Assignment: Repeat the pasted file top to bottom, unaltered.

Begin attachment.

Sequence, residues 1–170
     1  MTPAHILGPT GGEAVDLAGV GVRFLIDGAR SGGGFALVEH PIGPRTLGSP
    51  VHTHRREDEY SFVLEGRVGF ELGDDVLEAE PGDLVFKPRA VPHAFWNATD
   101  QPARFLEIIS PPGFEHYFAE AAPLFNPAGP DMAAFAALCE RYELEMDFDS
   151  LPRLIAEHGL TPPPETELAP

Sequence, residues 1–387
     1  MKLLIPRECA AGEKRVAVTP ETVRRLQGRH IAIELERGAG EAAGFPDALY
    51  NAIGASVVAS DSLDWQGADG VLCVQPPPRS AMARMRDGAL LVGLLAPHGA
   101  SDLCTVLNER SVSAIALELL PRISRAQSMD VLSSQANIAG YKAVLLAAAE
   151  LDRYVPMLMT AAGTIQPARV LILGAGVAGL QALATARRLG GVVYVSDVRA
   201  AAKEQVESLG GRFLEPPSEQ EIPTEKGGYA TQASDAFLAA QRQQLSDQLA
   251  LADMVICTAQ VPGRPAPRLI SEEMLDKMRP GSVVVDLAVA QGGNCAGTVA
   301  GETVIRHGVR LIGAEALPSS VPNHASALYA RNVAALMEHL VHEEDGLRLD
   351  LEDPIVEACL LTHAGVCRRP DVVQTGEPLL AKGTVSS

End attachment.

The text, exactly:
Sequence, residues 1–170
     1  MTPAHILGPT GGEAVDLAGV GVRFLIDGAR SGGGFALVEH PIGPRTLGSP
    51  VHTHRREDEY SFVLEGRVGF ELGDDVLEAE PGDLVFKPRA VPHAFWNATD
   101  QPARFLEIIS PPGFEHYFAE AAPLFNPAGP DMAAFAALCE RYELEMDFDS
   151  LPRLIAEHGL TPPPETELAP

Sequence, residues 1–387
     1  MKLLIPRECA AGEKRVAVTP ETVRRLQGRH IAIELERGAG EAAGFPDALY
    51  NAIGASVVAS DSLDWQGADG VLCVQPPPRS AMARMRDGAL LVGLLAPHGA
   101  SDLCTVLNER SVSAIALELL PRISRAQSMD VLSSQANIAG YKAVLLAAAE
   151  LDRYVPMLMT AAGTIQPARV LILGAGVAGL QALATARRLG GVVYVSDVRA
   201  AAKEQVESLG GRFLEPPSEQ EIPTEKGGYA TQASDAFLAA QRQQLSDQLA
   251  LADMVICTAQ VPGRPAPRLI SEEMLDKMRP GSVVVDLAVA QGGNCAGTVA
   301  GETVIRHGVR LIGAEALPSS VPNHASALYA RNVAALMEHL VHEEDGLRLD
   351  LEDPIVEACL LTHAGVCRRP DVVQTGEPLL AKGTVSS